You have to feel for Mike Quigley when dealing with the vexing questions posed by the growth of wireless broadband connectivity: NBN Co has to simultaneously rebut the suggestions that wireless is a threat to the case for fibre connectivity, but at the same time respond to concerns that fixed wireless for the first 4 percent outside of fibre range is not an "inferior technology."
The last week hasn't helped.
As expected, NBN opponents have seized on comments made in an otherwise glowing Greenhill Calliburn review of the NBN business case that highlight its dependence on assumptions around the proportion of wireless-only homes and average revenue per user. (The good news is that these are the two risks the business plan actually models in its sensitivity analysis.)
Then came the co-incidence of Telstra announcing it intends to build an LTE network and tests carried out by a number of other carriers.
Malcolm Turnbull speculated on radio that the NBN "certainly is less likely to be financially viable" following Telstra's announcement.
I say bullocks, for a number of reasons. The development of LTE (and future 4G) wireless is very much a complement to the NBN in metropolitan areas, not a competitor. In fact, high-speed wireless services will require the rollout of more fibre at the backbone.
Telstra certainly doesn't think their announcement jeopardises the NBN. Would they have announced it just as they are concluding a deal to receive $13 billion from NBN Co and the Government if they did?
Let's consider some other reasons:
1. It's in the plan
NBN Co's plan has always allowed for the deployment of 4G. Despite comments to the contrary, the plan does envisage a further increase in the number of wireless-only homes. The business case was made with this in mind.
2. Telstra's wireless build is in metro and mobile, NBN Co's is fixed wireless for the bush
NBN Co CEO Mike Quigley has stated that the NBN Co wireless solution would be an LTE solution without all the functionality that provides mobility, like inter-cell handover. NBN Co has been instructed by the Government in its Statement of Expectations to acquire spectrum but not to bid for the 700 MHz.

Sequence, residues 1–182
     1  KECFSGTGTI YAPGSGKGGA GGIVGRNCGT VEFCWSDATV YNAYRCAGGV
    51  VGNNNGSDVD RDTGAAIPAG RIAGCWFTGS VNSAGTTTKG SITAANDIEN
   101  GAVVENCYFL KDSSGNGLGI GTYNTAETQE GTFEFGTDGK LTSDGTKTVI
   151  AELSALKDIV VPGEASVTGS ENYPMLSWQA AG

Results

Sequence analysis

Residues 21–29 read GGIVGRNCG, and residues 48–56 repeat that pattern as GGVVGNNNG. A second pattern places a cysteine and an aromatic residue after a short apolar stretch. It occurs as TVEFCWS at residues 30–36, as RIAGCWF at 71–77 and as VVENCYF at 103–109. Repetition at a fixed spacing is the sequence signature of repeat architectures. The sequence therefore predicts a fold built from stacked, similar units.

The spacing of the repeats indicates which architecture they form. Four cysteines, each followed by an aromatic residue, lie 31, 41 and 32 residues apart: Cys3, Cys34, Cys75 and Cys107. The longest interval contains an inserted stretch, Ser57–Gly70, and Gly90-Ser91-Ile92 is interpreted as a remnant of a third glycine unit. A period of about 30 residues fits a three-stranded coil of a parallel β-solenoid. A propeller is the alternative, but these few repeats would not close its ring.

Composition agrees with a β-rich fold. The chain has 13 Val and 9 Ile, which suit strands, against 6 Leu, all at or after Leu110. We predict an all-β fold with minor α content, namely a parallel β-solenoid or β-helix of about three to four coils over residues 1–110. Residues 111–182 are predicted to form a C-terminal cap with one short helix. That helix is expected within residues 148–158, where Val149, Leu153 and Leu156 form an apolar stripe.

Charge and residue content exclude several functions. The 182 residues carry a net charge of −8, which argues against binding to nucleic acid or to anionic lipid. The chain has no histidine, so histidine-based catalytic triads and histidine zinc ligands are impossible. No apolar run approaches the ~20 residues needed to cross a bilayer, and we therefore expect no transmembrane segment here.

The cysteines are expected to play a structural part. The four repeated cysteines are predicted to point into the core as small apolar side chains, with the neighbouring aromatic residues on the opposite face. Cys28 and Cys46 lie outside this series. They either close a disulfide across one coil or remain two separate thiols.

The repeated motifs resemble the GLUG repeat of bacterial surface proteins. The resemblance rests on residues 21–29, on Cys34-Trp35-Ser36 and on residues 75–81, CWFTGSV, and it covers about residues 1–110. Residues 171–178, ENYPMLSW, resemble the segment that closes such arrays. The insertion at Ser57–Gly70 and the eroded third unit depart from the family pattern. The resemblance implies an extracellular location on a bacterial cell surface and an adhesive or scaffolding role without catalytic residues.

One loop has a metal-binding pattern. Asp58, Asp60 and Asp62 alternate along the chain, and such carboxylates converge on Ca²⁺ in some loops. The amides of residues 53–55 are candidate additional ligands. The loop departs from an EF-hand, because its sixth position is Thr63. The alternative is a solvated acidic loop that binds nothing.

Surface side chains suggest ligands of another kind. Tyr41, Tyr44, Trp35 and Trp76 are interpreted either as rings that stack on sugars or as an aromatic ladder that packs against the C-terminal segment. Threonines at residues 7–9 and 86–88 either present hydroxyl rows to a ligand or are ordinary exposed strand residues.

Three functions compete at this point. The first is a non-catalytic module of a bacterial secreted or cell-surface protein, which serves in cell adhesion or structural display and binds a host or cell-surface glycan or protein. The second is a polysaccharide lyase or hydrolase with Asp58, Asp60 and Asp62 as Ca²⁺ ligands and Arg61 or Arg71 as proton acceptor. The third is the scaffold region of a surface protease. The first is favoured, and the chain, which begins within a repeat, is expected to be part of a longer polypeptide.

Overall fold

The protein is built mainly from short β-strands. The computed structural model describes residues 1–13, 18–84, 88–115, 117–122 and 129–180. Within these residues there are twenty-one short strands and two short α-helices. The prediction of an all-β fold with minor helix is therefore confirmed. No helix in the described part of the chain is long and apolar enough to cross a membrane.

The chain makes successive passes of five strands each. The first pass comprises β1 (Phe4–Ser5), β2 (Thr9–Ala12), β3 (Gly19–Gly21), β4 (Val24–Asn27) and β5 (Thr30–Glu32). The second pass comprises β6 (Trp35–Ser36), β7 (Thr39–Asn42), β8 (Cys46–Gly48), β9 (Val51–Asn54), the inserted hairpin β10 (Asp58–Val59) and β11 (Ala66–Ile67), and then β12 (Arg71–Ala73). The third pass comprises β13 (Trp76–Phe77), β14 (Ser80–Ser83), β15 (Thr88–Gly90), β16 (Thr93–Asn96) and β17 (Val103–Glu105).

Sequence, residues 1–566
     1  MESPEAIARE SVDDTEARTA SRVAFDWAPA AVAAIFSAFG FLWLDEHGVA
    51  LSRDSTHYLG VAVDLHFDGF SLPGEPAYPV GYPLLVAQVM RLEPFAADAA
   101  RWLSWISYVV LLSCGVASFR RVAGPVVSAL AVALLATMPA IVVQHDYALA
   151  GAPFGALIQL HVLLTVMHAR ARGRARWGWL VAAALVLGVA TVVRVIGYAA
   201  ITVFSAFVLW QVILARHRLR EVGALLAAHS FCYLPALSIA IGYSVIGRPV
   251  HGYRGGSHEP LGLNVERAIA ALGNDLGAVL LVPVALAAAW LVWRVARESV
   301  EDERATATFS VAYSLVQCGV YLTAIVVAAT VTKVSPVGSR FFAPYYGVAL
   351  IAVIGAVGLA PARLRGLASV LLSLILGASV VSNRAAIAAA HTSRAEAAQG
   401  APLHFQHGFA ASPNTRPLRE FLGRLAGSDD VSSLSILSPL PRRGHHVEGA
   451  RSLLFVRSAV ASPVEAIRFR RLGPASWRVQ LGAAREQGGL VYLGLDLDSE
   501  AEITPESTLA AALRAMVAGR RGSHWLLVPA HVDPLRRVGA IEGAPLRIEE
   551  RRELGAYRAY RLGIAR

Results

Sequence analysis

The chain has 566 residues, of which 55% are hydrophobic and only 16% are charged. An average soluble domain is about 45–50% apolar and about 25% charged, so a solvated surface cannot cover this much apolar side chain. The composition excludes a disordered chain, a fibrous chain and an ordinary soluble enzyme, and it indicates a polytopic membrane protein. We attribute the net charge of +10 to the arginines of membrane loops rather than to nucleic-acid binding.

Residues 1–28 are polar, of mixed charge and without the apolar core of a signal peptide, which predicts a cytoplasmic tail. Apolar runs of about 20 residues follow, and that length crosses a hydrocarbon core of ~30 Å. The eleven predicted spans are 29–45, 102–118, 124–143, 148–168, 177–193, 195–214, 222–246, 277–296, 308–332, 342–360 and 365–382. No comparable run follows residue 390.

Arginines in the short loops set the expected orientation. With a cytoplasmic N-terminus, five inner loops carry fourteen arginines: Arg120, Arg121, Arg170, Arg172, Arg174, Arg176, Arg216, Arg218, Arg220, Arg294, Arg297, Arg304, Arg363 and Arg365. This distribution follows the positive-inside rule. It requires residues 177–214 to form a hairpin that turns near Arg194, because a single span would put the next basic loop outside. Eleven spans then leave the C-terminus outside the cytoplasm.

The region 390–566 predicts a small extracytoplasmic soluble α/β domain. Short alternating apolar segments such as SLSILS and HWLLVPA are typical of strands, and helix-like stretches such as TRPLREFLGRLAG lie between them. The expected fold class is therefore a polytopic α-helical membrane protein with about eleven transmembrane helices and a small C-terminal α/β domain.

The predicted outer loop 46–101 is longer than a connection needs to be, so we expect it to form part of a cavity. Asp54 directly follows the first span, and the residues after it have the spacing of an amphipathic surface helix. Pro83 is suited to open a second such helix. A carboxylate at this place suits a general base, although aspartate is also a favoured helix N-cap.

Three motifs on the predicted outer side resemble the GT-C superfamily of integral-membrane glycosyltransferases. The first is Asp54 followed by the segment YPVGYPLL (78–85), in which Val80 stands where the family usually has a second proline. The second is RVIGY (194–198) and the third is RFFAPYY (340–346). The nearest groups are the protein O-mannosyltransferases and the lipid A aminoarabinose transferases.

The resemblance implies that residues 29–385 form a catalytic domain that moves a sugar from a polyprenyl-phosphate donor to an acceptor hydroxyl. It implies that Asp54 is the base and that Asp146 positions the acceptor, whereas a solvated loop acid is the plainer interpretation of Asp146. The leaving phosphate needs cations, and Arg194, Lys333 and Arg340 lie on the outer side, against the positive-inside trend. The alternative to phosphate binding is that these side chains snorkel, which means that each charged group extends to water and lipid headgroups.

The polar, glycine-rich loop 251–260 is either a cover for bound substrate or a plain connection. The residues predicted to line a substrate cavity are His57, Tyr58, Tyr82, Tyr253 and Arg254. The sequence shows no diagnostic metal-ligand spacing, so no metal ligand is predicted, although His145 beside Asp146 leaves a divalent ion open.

In that sense NBN Co wants to provide a fibre-like solution to those in the bush, where rolling out fibre is cost-prohibitive, but does not intend to compete with Telstra for mobility in the cities.
3. LTE needs more bandwidth for ubiquitous coverage
Telstra announced a metropolitan-only LTE build in the 1800 MHz spectrum, with the only target device being a USB modem from Sierra. At the same time NetComm announced an LTE WiFi router developed with Sierra.
Telstra's network vendor, Ericsson, led the lobbying for the allocation of the 2 GHz spectrum for 3G services in 2000, and for 720 MHz and 2.5 GHz for 4G currently. However their premier customer is deploying 3G at 850 MHz and now LTE at 1800 MHz.
While this should puncture some of the arguments the industry mounts through AMTA about the need for extra spectrum just to launch 4G, it doesn't change the problem the industry has with overall bandwidth.
While the peak speeds of 4G technologies are impressive, they aren't making the same gains in spectral efficiency. In fact wireless network capacity (bits per hertz) only doubles every two and a half years (Cooper's Law) while bandwidth demand tends to grow with processing speeds that double every eighteen months (Moore's Law).
That's why AMTA and its members have been lobbying for the release of the additional spectrum, not because it is technically required for 4G, but that it is required for the capacity that 4G demands. It is also why President Obama's much vaunted discussion of wireless broadband in the USA depends on the FCC identifying an additional 500 MHz of spectrum.
There is a third way to increase capacity other than improved spectral efficiency and more spectrum, which is simply more base stations and smaller cell sizes. But then we'd be better off with fibre to the home and WiFi. This is ultimately Mike Quigley's simple case against wireless.
On a related note...
The Greenhill Caliburn report did support my line of argument four weeks ago – that "NBN Co's Corporate Plan is what it would expect to see from an Australian blue chip company" with "the level of detail and analytical framework that would be expected from a large listed public entity."
Further, the report recommended the Commonwealth seek "detailed, periodic disclosures to the Shareholder Ministers to allow them to assess the implications of any variations [to the plan] on a more timely basis and evaluate and introduce mitigants as required" – precisely the same argument I made last year when discussing why NBN Co should conduct a Cost-Benefit Analysis.
Nice to have some validation!